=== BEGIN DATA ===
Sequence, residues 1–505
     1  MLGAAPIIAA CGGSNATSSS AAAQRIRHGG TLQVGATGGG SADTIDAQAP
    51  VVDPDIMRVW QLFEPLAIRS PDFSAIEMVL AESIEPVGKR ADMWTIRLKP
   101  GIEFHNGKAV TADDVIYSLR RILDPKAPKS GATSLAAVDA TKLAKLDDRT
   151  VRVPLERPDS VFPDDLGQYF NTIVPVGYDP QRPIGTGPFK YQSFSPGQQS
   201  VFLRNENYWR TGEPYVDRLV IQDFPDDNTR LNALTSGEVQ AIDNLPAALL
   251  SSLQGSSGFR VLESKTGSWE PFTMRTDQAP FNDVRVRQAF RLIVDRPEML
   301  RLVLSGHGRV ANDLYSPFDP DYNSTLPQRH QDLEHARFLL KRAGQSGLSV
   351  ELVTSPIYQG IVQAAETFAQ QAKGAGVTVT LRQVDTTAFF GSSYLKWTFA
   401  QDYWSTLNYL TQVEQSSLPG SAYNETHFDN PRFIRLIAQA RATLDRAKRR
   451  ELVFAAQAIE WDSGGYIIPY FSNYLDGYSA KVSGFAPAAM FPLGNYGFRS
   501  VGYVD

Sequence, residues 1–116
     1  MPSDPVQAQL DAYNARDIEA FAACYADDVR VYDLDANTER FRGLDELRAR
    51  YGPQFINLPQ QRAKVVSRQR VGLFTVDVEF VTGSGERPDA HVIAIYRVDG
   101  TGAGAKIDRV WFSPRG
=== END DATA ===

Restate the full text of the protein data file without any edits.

Sequence, residues 1–505
     1  MLGAAPIIAA CGGSNATSSS AAAQRIRHGG TLQVGATGGG SADTIDAQAP
    51  VVDPDIMRVW QLFEPLAIRS PDFSAIEMVL AESIEPVGKR ADMWTIRLKP
   101  GIEFHNGKAV TADDVIYSLR RILDPKAPKS GATSLAAVDA TKLAKLDDRT
   151  VRVPLERPDS VFPDDLGQYF NTIVPVGYDP QRPIGTGPFK YQSFSPGQQS
   201  VFLRNENYWR TGEPYVDRLV IQDFPDDNTR LNALTSGEVQ AIDNLPAALL
   251  SSLQGSSGFR VLESKTGSWE PFTMRTDQAP FNDVRVRQAF RLIVDRPEML
   301  RLVLSGHGRV ANDLYSPFDP DYNSTLPQRH QDLEHARFLL KRAGQSGLSV
   351  ELVTSPIYQG IVQAAETFAQ QAKGAGVTVT LRQVDTTAFF GSSYLKWTFA
   401  QDYWSTLNYL TQVEQSSLPG SAYNETHFDN PRFIRLIAQA RATLDRAKRR
   451  ELVFAAQAIE WDSGGYIIPY FSNYLDGYSA KVSGFAPAAM FPLGNYGFRS
   501  VGYVD

Sequence, residues 1–116
     1  MPSDPVQAQL DAYNARDIEA FAACYADDVR VYDLDANTER FRGLDELRAR
    51  YGPQFINLPQ QRAKVVSRQR VGLFTVDVEF VTGSGERPDA HVIAIYRVDG
   101  TGAGAKIDRV WFSPRG